Formula 1 has become accustomed to the dulcet tones of the German national anthem playing following the conclusion of a race but it was Nico Rosberg who took top honours as the sport kicked into life in Australia.
Rosberg took the lead at the start and controlled proceedings throughout. Aside from a minor problem at his second stop – in which the left front caketin was damaged - it was plain sailing. Rosberg’s advantage was ominously large over the rest of the field; he was able to cruise for much of the race and he still had a 20 second advantage over his nearest rivals. The tantalising question is how Rosberg will compare to Mercedes team-mate Lewis Hamilton. The build-up to 2014 was all about which of the duo would thrive but Hamilton lasted three laps before he was forced to retire.
The pole sitter was down to third by the first corner and soon ceded that position to McLaren's Kevin Magnussen. Mercedes radioed Hamilton to retire, changed their minds and then reverted back to their original decision. Hamilton’s race lasted three laps after he lost a cylinder on Mercedes’s power unit. Pre-season fears of reliability problems were ultimately realised but the inherent pace of the car is there.
Behind Rosberg the uncertainty of Formula 1’s new era led to a fairly straightforward race. Daniel Ricciardo and Magnussen pulled away from Nico Hülkenberg but there was usually a significant gap between the Red Bull and the McLaren. Magnussen inched towards the home hero with a handful of laps remaining but Ricciardo usually had the legs through sector two, thus giving him a comfortable gap at the overtaking spots. Magnussen admitted that he had to back off for a few laps towards the end, such is the nature of 2014-spec Formula 1.
But anyone hoping for a thrilling contest was probably taking the naïve approach. Teams emphasised the importance of finishing and so it proved. Jenson Button jumped both Hülkenberg and Alonso by pitting earlier than his rivals, while Alonso stayed out longer than the Force India and profited from a few green sectors. One position lost and one gained, but it was hardly the start to the season that suggested that Ferrari is capable of mounting a title challenge this season. There were a couple of problems, but Alonso remains wary of the deficit to race winner Rosberg; the Spaniard has been in this position before with the team.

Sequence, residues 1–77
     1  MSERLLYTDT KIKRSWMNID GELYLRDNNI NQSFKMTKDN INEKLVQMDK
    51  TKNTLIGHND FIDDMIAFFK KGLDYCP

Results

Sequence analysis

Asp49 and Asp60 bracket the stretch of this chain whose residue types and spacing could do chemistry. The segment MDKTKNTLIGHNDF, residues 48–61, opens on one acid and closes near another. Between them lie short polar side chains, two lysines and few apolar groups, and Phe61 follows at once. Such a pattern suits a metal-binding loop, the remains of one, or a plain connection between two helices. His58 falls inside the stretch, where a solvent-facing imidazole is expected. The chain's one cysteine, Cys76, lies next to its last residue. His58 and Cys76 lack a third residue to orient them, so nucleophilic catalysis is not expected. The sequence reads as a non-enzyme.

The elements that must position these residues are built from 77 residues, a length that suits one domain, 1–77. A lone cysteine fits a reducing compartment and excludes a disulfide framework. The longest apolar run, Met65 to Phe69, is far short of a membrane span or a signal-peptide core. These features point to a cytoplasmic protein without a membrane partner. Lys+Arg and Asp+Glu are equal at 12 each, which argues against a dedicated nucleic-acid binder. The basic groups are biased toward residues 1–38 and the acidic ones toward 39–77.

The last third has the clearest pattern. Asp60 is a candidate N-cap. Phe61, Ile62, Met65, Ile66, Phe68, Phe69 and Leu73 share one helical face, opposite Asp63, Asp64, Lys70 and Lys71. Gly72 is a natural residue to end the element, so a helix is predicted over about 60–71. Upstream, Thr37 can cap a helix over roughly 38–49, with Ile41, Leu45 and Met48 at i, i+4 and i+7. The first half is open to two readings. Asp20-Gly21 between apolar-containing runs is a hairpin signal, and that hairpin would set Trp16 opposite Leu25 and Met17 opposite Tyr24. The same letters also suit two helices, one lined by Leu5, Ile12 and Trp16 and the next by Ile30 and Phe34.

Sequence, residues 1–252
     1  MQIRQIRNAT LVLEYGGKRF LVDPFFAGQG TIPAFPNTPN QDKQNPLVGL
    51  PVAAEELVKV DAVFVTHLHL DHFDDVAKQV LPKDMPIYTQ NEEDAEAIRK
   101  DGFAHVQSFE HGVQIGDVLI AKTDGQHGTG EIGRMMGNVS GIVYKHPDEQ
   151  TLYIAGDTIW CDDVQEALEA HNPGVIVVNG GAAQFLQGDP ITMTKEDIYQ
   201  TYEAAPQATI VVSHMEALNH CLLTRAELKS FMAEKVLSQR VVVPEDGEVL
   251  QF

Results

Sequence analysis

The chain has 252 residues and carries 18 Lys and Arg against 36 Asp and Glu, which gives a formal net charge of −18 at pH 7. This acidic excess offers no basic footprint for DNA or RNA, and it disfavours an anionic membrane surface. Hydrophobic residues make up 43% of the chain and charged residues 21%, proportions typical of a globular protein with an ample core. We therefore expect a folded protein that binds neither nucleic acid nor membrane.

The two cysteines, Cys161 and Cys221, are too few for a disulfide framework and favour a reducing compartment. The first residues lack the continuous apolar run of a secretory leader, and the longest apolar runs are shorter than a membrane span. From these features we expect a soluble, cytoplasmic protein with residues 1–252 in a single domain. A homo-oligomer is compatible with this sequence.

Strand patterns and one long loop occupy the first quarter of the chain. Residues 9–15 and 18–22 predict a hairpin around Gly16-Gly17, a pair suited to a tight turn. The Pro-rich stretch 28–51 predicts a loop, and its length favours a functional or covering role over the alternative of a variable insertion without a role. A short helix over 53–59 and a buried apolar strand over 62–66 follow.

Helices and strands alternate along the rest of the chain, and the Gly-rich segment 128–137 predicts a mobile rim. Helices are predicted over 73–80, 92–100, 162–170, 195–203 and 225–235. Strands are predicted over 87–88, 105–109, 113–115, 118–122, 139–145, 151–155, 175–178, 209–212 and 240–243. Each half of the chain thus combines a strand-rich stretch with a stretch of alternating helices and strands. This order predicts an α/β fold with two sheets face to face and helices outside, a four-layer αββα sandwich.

Most of the action was provided by Williams’s Valtteri Bottas. The Finn, entering his sophomore season with the team, was out of position after a qualifying penalty but he weaved his way through the traffic to challenge the likes of Alonso. A small flick of the steering wheel on the exit of turn nine was all it needed for Bottas to cause the day’s sole caution period. The rear of the FW36 made contact with the wall, damaging Bottas’s tyre and wheel rim. Williams serviced Bottas and returned him to the circuit but Bottas’s erstwhile wheel rim was still on track and race director Charlie Whiting opted to use the safety car.
That decision benefitted Button, who narrowly made it into the pits for his first stop just after the safety car was deployed, while Räikkönen and Kvyat had to wait behind their team-mates in the pits. The safety car also allowed Bottas to close up on the midfield and he began his fightback. He picked off the Marussia and Lotus drivers and then coolly watched Räikkönen slide wide at turn nine. A lurid moment for Jean-Éric Vergne on the entry to the final corner, which he held well, allowed Bottas an easy pass on the Toro Rosso driver down the pit straight. Bottas also passed Hülkenberg into the first corner, by which time Alonso was out of reach further up the road.
Räikkönen got through on Vergne when the Frenchman ran deep at turn 13 but it was a disappointing Ferrari return for the Finn, who struggled throughout the weekend.
Sergio Pérez endured a difficult weekend. The Mexican driver scuppered his chances in qualifying by running through the gravel and picked up a puncture at the start following contact with Esteban Gutiérrez. The Sauber drivers were completely anonymous and finished a long way off of midfield rivals Toro Rosso and Force India; matters there must improve if they are to score points regularly this year.
Marussia’s weekend was also far from plain sailing. Max Chilton and Jules Bianchi encountered technical problems with the MR03. Chilton’s car conked out on the formation lap, while Bianchi made it to the grid before he had to wave his arms frantically to inform Whiting that he was going no further. Chilton’s car was repaired quickly, while Bianchi joined in the fun six laps in arrears. But at least both cars made it to the finish, which was a feat that several teams did not manage.